The English name for her

Is Tuberose, a name so unimaginative

For a flower such as 


She’s not much to look at I admit,

Ordinary as flowers go,

Too tall, too thin and she scatters

Easily, one ill-wind away 



By day you’d pass, unimpressed,

The bunch you stuck into a vase

Recycled from an old gin bottle

That you were too middle-class to throw away.

The green and white of her is unassuming,

Like I said, she’s not a great beauty.

But no sorceress in history of sorcery

Has been much to look at.

And, sorceresses like all nocturnal creatures grow more powerful as evening approaches.

An hour to dusk and

You cannot walk past the same Rajnigandha bouquet

Without being magicked by her dusky scent.

I said to a sister-friend rather cleverly that Rajnigandha smells of sex. 

But that’s not 



Unlike the bedazzling intensity of Raat-Ki-Raani or the virginal sweetness of Shiuli,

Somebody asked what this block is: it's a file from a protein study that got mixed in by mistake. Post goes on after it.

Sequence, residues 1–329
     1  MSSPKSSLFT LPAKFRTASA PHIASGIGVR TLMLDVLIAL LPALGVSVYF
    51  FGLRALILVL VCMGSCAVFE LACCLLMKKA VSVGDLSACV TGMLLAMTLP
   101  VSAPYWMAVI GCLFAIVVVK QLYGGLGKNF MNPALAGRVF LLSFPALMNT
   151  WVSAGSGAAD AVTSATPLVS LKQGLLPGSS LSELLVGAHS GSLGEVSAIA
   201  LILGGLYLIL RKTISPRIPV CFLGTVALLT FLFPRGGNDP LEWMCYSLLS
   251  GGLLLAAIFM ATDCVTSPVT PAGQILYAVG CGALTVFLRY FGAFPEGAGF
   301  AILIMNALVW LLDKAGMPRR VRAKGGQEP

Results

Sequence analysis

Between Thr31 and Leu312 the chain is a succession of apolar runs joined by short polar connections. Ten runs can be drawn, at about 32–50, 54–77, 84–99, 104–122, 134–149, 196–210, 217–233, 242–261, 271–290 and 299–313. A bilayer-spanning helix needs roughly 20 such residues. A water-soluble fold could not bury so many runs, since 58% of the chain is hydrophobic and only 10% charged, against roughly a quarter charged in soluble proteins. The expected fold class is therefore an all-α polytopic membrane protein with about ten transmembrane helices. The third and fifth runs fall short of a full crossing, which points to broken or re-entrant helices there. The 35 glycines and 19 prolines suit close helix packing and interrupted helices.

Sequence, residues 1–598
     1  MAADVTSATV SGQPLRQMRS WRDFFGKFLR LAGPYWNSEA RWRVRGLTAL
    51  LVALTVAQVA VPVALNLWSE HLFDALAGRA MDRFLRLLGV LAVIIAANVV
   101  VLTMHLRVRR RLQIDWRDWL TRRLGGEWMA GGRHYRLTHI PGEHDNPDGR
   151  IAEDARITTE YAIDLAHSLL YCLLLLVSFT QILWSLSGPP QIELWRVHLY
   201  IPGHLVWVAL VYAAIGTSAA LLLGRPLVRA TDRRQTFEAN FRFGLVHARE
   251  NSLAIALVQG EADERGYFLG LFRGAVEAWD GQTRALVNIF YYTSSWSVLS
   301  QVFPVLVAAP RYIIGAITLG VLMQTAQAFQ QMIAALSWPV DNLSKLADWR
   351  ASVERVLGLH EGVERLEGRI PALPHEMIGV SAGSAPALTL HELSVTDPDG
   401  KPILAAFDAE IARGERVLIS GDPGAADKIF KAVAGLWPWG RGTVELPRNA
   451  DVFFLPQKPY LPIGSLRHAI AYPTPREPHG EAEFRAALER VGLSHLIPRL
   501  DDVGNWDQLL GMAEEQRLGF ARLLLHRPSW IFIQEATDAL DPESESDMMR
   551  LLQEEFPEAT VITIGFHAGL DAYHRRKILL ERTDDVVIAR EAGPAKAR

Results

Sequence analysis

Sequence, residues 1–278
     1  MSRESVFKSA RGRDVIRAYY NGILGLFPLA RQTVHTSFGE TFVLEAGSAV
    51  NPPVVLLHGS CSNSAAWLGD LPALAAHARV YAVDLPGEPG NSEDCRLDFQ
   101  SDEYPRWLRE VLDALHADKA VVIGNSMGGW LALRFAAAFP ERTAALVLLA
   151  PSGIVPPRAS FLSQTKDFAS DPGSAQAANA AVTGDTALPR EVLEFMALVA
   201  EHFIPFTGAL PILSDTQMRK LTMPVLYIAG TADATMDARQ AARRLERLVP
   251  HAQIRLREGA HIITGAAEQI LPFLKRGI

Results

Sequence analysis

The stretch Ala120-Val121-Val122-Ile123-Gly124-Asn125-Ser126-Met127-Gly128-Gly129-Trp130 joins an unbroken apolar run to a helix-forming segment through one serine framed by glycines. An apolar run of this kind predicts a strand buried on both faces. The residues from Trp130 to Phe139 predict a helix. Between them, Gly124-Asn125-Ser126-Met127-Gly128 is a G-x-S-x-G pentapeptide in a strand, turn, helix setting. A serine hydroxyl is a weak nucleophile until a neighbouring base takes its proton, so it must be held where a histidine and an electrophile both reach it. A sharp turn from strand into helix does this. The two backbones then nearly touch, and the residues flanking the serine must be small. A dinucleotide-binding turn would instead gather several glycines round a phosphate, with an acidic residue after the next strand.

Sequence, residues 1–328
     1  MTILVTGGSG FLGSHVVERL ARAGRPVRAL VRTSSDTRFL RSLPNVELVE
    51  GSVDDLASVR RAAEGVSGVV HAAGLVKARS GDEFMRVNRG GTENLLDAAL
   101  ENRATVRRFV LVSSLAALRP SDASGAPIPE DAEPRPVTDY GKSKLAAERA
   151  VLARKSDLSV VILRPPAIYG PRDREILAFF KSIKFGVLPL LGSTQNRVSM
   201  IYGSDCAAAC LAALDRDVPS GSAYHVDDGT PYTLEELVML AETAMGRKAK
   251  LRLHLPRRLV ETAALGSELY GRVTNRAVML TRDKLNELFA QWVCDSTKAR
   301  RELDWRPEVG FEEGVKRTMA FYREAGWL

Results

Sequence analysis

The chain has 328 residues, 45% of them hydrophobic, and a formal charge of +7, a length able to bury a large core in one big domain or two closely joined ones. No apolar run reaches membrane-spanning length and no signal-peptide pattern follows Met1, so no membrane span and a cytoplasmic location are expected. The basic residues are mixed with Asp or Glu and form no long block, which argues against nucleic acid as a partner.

The perfume of Rajnigandha is harder to decode.

You pass her in the early evening hours

As the day sighs tiredly into dusk

And her scent tendrils curl up, 


You clutch at the cabinet she’s stood upon




A rush of memories,

The dust motes of old love notes

You water to life with hot tears of regret,

The shimmering heat of

Amir Khan singing Marwa

You do not move, you cannot,

Legs leaden

The flickering fishtail you sacrificed to grow these awkward legs,


Every step taken to get to important places,

To be important things to important people.

While you dissolve into seafoam.

She makes you feel, the sorceress.

She’s not a hard taskmaster though

Hers is not a hectoring tone.

But the magic is potent,

She reminds you while there’s still time,

Of the lump of longing that burns the throat




Secret yearnings, that you’ve put away

Of the girl you were,

Hopeful, spirited, eager to live,

To whom you promised the earth.

She reminds you of those promises

That you didn’t keep

Not to lovers, for they come and go.

But to 


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